Every investment had to have on the front end an impact component that we assessed for viability. We’d then turn it over to financial due diligence — we wanted to make sure it was a reasonable investment and that the strategy was coherent. Then we’d layer on a pretty rigorous impact assessment from a geographical and thematic perspective that would allow us to put a framework around all of the metrics that we wanted them to track and report.

Jenkins: What’s your vision for the future of capitalism?

Weatherly-White: The metaphor that I would use is that capitalism is an operating system — it wasn’t handed to us carved in stone tablets. It’s much like a smartphone. You might not understand how a smartphone actually works, but we all understand the need for periodic upgrades. It’s an operating system challenge.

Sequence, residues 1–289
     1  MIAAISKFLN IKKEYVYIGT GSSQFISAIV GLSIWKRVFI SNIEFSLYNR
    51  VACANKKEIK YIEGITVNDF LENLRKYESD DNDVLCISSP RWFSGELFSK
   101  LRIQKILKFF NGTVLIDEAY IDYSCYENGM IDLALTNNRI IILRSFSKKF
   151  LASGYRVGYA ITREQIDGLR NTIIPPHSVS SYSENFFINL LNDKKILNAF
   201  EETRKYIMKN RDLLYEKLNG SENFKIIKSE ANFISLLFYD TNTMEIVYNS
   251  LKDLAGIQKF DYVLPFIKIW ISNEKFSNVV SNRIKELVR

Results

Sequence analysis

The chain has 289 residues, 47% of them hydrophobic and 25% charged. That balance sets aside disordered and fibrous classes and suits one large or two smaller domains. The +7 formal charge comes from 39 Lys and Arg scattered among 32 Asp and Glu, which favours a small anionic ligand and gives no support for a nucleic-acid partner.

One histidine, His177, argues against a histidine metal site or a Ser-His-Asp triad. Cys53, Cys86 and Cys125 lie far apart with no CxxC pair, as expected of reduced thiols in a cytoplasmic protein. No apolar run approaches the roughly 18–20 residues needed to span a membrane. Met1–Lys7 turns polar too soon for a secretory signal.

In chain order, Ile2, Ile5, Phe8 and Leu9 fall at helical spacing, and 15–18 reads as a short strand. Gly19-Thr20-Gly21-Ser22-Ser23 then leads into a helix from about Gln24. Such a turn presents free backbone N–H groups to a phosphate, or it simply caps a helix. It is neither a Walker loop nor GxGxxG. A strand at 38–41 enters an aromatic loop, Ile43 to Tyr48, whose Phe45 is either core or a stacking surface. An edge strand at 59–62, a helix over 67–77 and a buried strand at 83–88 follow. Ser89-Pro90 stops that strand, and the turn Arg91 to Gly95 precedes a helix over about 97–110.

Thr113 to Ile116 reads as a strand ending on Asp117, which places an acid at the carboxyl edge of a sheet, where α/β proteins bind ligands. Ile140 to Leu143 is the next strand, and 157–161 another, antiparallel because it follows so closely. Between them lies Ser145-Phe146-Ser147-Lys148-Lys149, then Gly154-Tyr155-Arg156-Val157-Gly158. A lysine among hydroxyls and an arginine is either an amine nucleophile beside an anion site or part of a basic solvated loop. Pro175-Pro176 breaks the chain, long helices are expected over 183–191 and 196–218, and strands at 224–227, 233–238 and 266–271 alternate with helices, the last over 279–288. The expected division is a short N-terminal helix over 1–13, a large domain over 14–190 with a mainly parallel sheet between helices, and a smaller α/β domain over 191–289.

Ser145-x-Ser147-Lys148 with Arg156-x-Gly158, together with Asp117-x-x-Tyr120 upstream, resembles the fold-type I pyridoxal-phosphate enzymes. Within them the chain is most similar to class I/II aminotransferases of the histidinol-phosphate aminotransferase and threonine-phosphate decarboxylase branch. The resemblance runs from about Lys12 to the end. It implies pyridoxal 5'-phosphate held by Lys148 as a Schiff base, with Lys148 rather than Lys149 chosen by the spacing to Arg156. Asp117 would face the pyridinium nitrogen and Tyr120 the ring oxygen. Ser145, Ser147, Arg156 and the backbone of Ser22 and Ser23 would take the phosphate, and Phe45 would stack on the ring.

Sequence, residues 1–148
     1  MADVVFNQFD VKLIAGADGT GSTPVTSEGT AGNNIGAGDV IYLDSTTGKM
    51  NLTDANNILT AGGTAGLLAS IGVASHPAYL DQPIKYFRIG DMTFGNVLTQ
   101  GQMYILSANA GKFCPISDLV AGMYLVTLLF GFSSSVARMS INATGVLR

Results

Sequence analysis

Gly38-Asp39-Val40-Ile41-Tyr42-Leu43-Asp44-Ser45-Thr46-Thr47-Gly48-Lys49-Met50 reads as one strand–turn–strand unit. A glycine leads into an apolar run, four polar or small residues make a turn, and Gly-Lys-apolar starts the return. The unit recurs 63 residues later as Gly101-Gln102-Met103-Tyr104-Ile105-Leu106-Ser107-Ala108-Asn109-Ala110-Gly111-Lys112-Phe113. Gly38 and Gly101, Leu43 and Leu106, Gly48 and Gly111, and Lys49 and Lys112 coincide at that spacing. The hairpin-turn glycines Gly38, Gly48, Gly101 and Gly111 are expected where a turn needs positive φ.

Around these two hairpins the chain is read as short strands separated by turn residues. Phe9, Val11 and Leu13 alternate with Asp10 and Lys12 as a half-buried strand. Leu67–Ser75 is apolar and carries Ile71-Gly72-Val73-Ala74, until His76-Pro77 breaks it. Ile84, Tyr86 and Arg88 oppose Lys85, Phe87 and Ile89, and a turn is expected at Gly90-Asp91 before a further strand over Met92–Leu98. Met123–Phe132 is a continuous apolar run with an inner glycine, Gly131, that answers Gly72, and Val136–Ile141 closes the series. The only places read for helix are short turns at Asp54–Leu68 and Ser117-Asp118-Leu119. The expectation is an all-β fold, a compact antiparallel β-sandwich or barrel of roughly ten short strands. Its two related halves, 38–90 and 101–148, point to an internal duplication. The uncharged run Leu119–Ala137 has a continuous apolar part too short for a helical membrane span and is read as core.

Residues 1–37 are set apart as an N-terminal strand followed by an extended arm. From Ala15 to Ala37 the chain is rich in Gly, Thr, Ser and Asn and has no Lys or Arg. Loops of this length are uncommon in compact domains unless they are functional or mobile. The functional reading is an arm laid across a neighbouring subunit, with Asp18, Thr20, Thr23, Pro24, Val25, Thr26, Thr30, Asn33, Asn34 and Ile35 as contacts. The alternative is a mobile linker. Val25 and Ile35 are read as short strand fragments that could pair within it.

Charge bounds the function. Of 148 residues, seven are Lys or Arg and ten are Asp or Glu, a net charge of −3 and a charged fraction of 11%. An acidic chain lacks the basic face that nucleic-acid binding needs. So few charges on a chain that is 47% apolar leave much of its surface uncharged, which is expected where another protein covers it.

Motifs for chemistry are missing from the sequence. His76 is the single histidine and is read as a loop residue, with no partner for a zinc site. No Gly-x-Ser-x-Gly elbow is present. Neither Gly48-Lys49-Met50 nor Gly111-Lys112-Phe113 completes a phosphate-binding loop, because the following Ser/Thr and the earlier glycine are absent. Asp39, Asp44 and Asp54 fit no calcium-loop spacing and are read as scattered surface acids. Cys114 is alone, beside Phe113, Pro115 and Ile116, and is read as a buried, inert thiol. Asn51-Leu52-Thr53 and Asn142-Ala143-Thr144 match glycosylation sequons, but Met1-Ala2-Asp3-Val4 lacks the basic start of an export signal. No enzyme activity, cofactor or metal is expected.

I think the more we understand about climate change, the current political environment notwithstanding, more indefensible it becomes to continue to use the operating system of capitalism as if the negative consequences of climate change don’t exist. The question is not is capitalism good or bad, or is it an inexorable wealth concentration mechanism? Those are not the right questions. The question is to what end do we seek to orient this optimization machine?

Right now, it’s optimized for one thing: financial profit. Why not optimize it for environmental sustainability, or gender and race inclusion? There’s no reason that it can’t be. Those are metrics that are just as viable as free cash flows.

This Q&A is an edited excerpt from the Bard MBA’s Sept. 6 The Impact Report podcast. The Impact Report brings together students and faculty in Bard’s MBA in Sustainability program with leaders in business, sustainability and social entrepreneurship.